Nocton Dairies, who envisioned a 4,000 cow dairy farm in Lincolnshire, has withdrawn their plans after objections from the Environment Agency. The farm would have been the first of its kind in Britain, and raised objections from local residents, environmental and animal welfare groups, Parliament members and celebrities.
According to The Ecologist, the Environmental Agency said the farm posed an ‘unacceptable risk to groundwater supplies’ and also they could not be satisfied that slurry produced by the cows would be safely disposed of.
The two farmers behind the scheme, David Barnes and Peter Willes, had originally planned the herd to be 8,000 but had reduced numbers to try and ensure approval by local authorities. They admitted defeat claiming it was ‘impossible to provide the reassurances required by the Environmental Agency that livestock farming is an appropriate use of land at this site.’ Barnes and Willes still hope to see ‘U.S. style’ dairy farming in the U.K. and asked people to stand up to opponents of the system. In an interview with The Guardian at the weekend (before the plans were pulled), Willes said:
"The fault," he said, "is not the consumers or even the supermarkets, it's probably our own. Dairy farmers have spent years selling this image of a cheery cow with a daisy in her mouth leaping about a green field, but cows don't live like that. So we can't complain because we have been a bit reclusive and have lost a lot of connections between the public and our farms."But this is not new, just bigger. And greener, more sustainable – the carbon footprint will the lowest of any dairy in Britain – we will recycle waste and use renewable energy. People have been saying it's terrible that our cows will be indoors for six months of a year, but most British cows are. Otherwise, their pastures would be destroyed."The cow is the centre of all of this, the space she has, where she wants to lie down, where she wants her water trough, it's all the best research. We will have sand beds because it's been proven cows are more comfortable on sand. It will be cleaned three times a day. A cow costs around £1,600 – that's £6m worth we will be investing in, so the whole dairy is designed around what is best for that cow. Otherwise we get no milk."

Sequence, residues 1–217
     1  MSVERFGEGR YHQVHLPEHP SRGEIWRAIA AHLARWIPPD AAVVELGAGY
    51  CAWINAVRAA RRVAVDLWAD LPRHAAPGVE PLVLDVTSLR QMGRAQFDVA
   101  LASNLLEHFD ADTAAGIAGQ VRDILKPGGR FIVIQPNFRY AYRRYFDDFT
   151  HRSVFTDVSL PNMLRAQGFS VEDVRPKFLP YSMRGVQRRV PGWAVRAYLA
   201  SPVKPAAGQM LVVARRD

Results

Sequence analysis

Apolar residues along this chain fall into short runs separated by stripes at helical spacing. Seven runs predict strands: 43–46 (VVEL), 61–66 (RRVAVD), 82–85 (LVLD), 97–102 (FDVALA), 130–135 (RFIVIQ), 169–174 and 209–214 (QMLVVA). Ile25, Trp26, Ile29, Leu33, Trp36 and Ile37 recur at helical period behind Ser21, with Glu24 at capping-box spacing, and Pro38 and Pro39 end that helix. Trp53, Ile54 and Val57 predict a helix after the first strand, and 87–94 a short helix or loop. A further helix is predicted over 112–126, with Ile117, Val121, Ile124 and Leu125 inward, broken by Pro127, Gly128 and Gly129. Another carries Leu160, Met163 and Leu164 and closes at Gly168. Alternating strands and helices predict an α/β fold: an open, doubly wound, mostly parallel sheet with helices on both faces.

In the same article, Philip Lymberry, Chief executive of Compassion in World Farming, countered:
"Holsteins are bred to produce high yields and on this uber-scale you are pushing them to their physical limits while denying them access to grazing. The issue is a very large number of cows will be on concrete and sand and denied access to pasture for much of their lives. Cows belong in fields. The price of milk is screwed to the floor, but driving the industry to factory farming and down the lowest price cul-de-sac will not help. You can buy a litre of milk for half the price of a litre of fizzy water and that's clearly not right; the retailers have a part to play here."
But this victory may be shortlived for the residents of Britain - David Alvis, another farmer, is reportedly looking to set up a large dairy in Cambridgeshire, and the Soil Association (part of an alliance, also including Compassion in World Farming and Friends of the Earth) are currently battling a proposal for an intensive indoor pig unit in Derbyshire.